Radical Or Traditional?
Hannah Greenebaum Solomon, 1858 - 1942
"In the last zigzagging process of world advancement in America, the Jewish men took their wives and daughters by the hand, led them into family pews and left them there..."
The late nineteenth century saw Jewish men yielding their traditional responsibility for religious observance to women. Council members took their new role seriously. They hoped to combat the growing trend of assimilation among American Jews with a renewed commitment to Jewish family life.
Study Circles were a key part of their plan. Women's religious education in the Jewish community was still a radical idea at the turn of the century. But as Solomon and others argued, how could a mother make a traditional Jewish home when she was ignorant of her own culture? Council depicted and believed in its radical step as a means of renewing tradition instead of breaking new ground.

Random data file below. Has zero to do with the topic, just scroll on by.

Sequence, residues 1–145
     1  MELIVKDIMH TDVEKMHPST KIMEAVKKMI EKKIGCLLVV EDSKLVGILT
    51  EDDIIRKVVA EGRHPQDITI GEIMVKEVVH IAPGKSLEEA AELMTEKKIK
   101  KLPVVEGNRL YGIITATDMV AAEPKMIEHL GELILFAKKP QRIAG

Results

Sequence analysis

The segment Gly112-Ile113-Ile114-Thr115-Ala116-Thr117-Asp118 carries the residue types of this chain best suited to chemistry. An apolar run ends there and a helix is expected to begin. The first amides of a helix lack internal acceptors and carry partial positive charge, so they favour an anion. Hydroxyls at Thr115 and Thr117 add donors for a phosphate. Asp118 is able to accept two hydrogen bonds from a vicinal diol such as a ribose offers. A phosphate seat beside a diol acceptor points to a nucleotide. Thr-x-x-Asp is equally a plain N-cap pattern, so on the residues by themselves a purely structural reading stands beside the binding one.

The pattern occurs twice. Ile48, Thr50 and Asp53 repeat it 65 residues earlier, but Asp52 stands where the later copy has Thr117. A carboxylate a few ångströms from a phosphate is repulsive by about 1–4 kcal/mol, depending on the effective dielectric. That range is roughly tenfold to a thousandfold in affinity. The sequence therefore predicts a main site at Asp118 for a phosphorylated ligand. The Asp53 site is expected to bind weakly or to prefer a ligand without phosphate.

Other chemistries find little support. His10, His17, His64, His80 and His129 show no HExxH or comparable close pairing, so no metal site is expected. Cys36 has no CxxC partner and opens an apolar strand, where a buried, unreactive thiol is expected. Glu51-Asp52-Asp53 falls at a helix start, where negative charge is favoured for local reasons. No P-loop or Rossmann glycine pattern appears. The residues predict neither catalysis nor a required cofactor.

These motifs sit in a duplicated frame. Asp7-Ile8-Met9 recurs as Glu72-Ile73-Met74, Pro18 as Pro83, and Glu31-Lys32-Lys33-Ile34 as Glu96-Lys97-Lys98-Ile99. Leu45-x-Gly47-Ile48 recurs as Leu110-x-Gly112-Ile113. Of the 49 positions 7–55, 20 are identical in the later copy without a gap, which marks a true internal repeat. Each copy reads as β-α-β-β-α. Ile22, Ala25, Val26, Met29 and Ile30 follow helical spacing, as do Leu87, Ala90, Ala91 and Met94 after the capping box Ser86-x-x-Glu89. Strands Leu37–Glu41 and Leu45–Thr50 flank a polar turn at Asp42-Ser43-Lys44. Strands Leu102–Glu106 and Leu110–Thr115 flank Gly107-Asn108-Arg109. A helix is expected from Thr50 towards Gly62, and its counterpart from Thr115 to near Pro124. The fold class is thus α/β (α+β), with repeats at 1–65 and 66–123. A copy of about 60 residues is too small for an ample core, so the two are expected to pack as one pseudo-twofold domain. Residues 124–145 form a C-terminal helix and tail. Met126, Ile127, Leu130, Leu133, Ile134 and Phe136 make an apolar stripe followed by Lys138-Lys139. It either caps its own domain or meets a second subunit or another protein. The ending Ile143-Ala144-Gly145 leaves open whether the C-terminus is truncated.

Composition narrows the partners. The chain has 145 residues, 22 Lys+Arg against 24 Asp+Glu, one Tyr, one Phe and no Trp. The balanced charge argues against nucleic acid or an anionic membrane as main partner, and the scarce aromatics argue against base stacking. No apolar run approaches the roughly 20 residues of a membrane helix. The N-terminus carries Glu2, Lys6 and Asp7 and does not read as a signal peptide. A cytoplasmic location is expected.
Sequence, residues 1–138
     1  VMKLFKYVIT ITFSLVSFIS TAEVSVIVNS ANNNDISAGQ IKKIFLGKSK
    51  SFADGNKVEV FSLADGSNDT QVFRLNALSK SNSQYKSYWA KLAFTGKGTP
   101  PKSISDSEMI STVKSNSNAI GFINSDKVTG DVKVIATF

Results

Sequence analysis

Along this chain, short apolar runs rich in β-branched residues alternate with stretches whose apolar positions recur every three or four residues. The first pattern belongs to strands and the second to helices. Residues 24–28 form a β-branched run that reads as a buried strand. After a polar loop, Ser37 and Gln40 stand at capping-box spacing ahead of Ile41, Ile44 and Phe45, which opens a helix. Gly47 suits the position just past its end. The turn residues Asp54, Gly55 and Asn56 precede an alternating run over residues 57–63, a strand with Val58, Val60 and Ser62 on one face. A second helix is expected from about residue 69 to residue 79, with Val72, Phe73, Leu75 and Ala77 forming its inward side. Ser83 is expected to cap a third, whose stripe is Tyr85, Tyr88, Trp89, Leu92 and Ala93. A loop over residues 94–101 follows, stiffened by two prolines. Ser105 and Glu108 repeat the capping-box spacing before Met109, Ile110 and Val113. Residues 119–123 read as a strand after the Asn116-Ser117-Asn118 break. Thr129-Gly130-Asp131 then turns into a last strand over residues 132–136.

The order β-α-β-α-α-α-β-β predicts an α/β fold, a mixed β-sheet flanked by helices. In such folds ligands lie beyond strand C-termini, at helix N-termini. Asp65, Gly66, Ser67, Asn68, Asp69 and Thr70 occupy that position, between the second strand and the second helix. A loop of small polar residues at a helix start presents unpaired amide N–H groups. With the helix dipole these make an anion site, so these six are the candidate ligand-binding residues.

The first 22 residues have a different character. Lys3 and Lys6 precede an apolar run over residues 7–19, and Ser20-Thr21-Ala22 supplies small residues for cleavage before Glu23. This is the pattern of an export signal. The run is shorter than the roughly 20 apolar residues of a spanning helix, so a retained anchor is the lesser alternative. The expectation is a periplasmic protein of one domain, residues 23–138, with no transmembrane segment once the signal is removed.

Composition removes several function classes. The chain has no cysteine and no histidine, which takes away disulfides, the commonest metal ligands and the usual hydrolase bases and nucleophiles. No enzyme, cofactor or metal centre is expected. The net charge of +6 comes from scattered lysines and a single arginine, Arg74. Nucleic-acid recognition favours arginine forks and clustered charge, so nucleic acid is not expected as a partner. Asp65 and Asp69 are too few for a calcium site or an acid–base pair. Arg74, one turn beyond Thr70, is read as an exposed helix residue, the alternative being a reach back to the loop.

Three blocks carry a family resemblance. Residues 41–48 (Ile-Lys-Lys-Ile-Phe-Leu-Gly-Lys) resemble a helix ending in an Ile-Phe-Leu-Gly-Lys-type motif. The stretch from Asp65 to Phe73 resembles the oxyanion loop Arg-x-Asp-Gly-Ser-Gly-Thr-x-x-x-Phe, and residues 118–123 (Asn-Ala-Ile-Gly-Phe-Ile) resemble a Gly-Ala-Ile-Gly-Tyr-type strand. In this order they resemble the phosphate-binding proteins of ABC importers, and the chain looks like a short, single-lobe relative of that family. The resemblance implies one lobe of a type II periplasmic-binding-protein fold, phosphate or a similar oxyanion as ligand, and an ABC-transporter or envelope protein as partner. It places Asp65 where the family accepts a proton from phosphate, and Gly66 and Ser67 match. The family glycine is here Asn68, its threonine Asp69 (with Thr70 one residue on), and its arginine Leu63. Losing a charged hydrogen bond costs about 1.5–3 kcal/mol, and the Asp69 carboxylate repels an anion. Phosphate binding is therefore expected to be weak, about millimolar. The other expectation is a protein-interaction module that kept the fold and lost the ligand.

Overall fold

While Solomon was one of the first women to speak from a synagogue pulpit, she still agreed to leave issues of religious authority to men. She did not question the rabbis who praised Council's efforts to renew Judaism while still dictating the meaning of its traditions. Instead Solomon invited the rabbis to lead Study Circles. Even as they boldly trespassed onto new ground, Solomon and the early NCJW maintained that a Jewish woman's greatest power was through influence, not authority.
- "In the last zigzagging process of world advancement ..." quote from Sheaf 225.
- On Jewish male leaders approval/disapproval of Council, see Rogow 53; 100-1.
- On Council's radical policy for traditional purposes and on seeking influence, not authority, see Rogow 63.
- Caption to Hannah Greenebaum Solomon Speaking: the quote "...I am not so sure but..." is from Sheaf 225.